Supreme Court to consider GOP lame duck cuts to minimum wage, paid sick time laws


Former GOP Senate Majority Leader Alan Meekhof and Rick Snyder, who orchestrated the 2018 lame duck power grabs. - ARLAN MEEKHOF/FACEBOOK
  • Arlan Meekhof/Facebook
  • Former GOP Senate Majority Leader Alan Meekhof and Rick Snyder, who orchestrated the 2018 lame duck power grabs.

The Michigan Supreme Court will hear oral arguments on the constitutionality of two of the GOP-controlled Legislature's more controversial lame duck moves — gutting citizen-initiated minimum wage and paid sick leave laws.

However, the court has only asked interested parties to file legal briefings ahead of oral arguments scheduled for July 17, and it still may not issue an opinion on the cases.

Two groups collected over 400,000 signatures each to put the proposed measures in front of voters in the November election. But the GOP-controlled Legislature instead made the initiatives law in September while ensuring that they wouldn't go into effect until March. The Legislature then voted along party lines during December's lame duck session to gut the laws. The new controversial minimum wage and paid sick time laws took effect last week.

Mark Brewer, an attorney and former head of the Michigan Democratic Party, is representing the citizen-led groups that organized the ballot proposals. Brewer previously pointed to a 1964 opinion by then-attorney general Frank Kelley that states that changes to citizen-initiated laws cannot take place in the same legislative session.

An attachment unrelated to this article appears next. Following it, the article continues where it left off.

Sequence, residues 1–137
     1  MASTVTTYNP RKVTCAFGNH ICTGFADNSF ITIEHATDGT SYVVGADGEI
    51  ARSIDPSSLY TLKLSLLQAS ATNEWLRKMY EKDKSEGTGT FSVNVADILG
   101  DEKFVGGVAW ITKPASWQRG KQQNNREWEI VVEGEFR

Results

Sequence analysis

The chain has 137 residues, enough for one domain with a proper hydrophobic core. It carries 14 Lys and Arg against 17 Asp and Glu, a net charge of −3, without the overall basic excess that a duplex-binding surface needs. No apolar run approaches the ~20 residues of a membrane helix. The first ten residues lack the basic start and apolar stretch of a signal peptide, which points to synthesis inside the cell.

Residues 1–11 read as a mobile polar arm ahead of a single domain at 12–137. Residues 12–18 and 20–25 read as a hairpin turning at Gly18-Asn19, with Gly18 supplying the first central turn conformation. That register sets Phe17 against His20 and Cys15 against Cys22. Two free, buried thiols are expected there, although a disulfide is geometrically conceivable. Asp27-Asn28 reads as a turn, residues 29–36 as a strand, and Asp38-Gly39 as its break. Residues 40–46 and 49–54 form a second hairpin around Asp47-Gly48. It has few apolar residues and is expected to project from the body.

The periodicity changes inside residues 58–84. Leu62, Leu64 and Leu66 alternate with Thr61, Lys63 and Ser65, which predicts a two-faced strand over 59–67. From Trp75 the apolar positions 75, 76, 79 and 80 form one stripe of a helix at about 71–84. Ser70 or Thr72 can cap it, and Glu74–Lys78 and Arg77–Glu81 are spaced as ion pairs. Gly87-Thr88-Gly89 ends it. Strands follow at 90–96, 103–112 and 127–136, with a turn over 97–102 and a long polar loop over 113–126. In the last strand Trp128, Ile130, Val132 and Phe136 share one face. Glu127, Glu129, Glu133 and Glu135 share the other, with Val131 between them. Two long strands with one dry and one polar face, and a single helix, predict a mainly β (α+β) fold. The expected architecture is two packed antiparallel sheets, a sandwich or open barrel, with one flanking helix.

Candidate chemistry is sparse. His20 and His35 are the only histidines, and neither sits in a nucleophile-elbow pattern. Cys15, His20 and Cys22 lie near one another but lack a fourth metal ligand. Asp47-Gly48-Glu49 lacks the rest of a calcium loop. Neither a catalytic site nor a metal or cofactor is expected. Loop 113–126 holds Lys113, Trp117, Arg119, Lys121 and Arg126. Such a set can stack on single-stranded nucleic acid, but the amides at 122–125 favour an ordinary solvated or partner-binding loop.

In other words, the Constitution says the GOP can't in December change laws that were approved in September.

The rule that gives the Legislature the ability to make a ballot initiative law was included in the 1963 Michigan Constitution. In response to a legislator’s question in 1964 about the new constitution, Kelley wrote that the legislature could not amend an adopted initiative law in the same legislative session, as the GOP eventually did in 2018.

The minimum wage law would have increased the state's meager $9.25 per hour minimum wage to $12 per hour by 2022, and included a $12 per hour minimum for tipped employees. The Republican changes slow the increase to $12.05 per hour by 2030, and caps the increase for tipped workers at $4.58 per hour.

Adjusted for inflation, the new minimum wage increase could end up being a pay cut for the state's lowest earners.

The paid sick time law would have required employers to provide 72 hours of sick time annually, or nine days, while allowing one hour of sick time accrual for every 30 hours worked. The Republican amendment reduced the number of sick days to four and exempts businesses with fewer than 50 employees, which represent about 1 million of the state's roughly 4.2 million workers. It also requires employees to work 40 hours to earn one hour of medical leave.

Danielle Atkinson, co-chair of MI Time to Care, the group that organized the paid sick time initiative, noted that "hundreds of thousands of people signed a petition to enact the law via the ballot."

"We believe the last Legislature failed to follow the Michigan Constitution, and hope the Michigan Supreme Court agrees with us and the longstanding opinion issued by former Attorney General Frank Kelley," she said in a statement.

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